Review: Journeyman doesn’t throw many punches
PUBLISHED: 09:48 16 April 2018 | UPDATED: 09:48 16 April 2018
Paddy Considine returns to the director’s chair for a hard-hitting drama about a boxing champion, whose charmed life suffers a series of knockout blows inside and out of the ring.
Boxing is an old man’s game, full of punchy lifers who despite the risk of irreparable brain damage, are still chasing that one last payday or can’t face a life without the structure and discipline it offers.
Matty Burton (Paddy Considine) is a mild-mannered boxing World Champion living happily with his wife (Jodie Whittaker) and newborn daughter.
The title was won by default and when you hear he’s preparing to defend it in one big payday against a hungry and much younger opponent who threatens it will be a “life-changing” night you immediate worry – he is too old, too nice and probably too white for this to end well. After the fight, he emerges from a coma to find most of his memory gone and needing to relearn most of the basic motor skills.
There isn’t a lot to Considine’s second film as writer/director. His script is sparse – it doesn’t even have the scene where the doctor explains the exact nature of his injuries. The locations are limited – probably around fifty percent of it is set inside Burton’s house.
It doesn’t throw many punches, but they all land. It works its way through various boxing movie archetypes. The first act is the dark flipside of Rocky, the good guy underdog whose pluck and determination cause his downfall. After the Million Dollar Baby moment the claustrophobic second act – basically just Considine, Whittaker and their baby in his house trying to come to terms with the full extent of his injuries and how his personality has changed – is Raging Bull intense.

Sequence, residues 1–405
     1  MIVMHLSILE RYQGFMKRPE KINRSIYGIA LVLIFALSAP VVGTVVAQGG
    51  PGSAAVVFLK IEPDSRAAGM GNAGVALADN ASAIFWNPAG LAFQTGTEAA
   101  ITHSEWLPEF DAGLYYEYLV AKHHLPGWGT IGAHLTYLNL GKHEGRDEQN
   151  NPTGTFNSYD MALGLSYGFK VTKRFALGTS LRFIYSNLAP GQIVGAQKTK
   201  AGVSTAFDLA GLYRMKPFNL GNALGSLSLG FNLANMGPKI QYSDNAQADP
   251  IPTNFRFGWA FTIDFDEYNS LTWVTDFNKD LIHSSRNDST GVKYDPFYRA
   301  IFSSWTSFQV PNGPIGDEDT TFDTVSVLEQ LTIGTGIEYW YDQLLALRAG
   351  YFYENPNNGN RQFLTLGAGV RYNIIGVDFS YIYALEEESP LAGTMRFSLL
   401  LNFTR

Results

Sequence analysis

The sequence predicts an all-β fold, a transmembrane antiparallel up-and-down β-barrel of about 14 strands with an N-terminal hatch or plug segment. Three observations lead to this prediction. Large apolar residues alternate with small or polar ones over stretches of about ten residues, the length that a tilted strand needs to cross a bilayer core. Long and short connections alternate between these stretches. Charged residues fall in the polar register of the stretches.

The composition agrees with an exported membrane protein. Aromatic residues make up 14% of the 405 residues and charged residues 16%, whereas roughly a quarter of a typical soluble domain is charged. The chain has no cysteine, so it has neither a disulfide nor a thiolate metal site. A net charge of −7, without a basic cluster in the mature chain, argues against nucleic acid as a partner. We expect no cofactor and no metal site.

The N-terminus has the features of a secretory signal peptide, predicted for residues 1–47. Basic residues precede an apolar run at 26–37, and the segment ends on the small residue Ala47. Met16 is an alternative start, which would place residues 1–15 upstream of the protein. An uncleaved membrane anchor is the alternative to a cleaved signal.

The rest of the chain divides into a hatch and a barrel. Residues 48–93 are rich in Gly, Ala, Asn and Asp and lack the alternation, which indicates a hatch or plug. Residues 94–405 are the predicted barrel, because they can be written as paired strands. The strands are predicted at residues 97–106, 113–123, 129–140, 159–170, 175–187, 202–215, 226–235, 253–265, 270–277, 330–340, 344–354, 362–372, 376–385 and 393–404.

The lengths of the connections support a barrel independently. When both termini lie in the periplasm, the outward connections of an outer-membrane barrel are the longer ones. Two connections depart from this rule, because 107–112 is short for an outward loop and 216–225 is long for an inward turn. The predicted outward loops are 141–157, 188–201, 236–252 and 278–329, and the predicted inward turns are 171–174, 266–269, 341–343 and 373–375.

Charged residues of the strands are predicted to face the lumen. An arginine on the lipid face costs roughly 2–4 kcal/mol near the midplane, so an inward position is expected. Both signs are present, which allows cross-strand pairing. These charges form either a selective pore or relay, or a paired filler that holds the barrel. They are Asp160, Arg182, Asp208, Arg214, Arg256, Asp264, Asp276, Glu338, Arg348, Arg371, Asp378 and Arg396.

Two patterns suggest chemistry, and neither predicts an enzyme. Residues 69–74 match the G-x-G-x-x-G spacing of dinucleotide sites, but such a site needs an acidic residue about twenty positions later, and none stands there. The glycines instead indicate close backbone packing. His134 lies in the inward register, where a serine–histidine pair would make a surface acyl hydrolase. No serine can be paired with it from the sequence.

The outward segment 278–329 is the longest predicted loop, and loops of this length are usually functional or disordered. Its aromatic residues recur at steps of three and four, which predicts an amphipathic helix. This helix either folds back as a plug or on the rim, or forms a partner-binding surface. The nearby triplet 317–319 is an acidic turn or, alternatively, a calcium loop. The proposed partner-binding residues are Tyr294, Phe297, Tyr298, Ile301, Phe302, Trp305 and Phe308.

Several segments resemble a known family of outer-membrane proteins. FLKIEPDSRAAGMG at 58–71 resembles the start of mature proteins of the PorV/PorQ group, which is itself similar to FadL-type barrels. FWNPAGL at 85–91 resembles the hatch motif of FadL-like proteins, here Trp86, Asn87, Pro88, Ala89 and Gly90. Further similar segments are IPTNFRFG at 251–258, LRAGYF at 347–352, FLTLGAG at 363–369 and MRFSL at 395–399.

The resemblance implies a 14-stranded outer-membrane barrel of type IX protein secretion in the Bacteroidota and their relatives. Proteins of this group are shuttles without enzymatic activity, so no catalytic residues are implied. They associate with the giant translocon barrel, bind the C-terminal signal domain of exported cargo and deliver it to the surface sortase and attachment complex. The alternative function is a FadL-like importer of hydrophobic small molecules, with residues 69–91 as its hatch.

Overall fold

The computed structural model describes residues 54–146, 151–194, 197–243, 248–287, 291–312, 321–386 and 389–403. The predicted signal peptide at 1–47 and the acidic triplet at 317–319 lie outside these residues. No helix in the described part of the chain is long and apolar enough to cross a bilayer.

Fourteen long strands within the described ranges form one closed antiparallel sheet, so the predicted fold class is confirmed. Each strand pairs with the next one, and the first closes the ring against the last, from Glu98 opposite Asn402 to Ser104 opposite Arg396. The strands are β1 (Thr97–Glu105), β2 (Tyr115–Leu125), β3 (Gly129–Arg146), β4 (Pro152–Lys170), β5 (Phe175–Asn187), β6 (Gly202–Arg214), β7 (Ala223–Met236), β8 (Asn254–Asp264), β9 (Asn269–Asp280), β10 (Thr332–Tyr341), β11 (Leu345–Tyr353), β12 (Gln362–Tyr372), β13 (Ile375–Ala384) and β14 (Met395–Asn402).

The movies biggest asset is its acting. Whittaker is splendid as the wife trying to hold it all together, to cope with seeing the man she was in love with trapped inside this mumbling wreck. Paul Poppelwell and Tony Pitts as the colleagues who initially abandon him are so natural you can’t believe they are acting.
Even though he is not entirely credible as a boxer, Considine may never have been better. As a champion of the ring, he just seems to be Paddy Considine with a big gaudy belt on. But this really pays off in the rest of the film, because he is horribly convincing in the rest of the movie.
Actors always seem to overdo these roles, play the condition, not the man. With Considine, you can see him playing a man, a man trying to reassert himself through the condition. It isn’t pleasant and there are two or three moments that are genuinely shocking. The middle third is so harrowing you wonder if you can take much more of this, and after a while, you don’t have to.
The final third of the film is problematic. Most of the intensity the film has built up fritters away and the film kind of drifts away into a conclusion that few in the audience could’ve seen coming or wanted. It is certainly not the denouement the first hour set us up for. It’s punching itself in the face but there is a perverse integrity to it.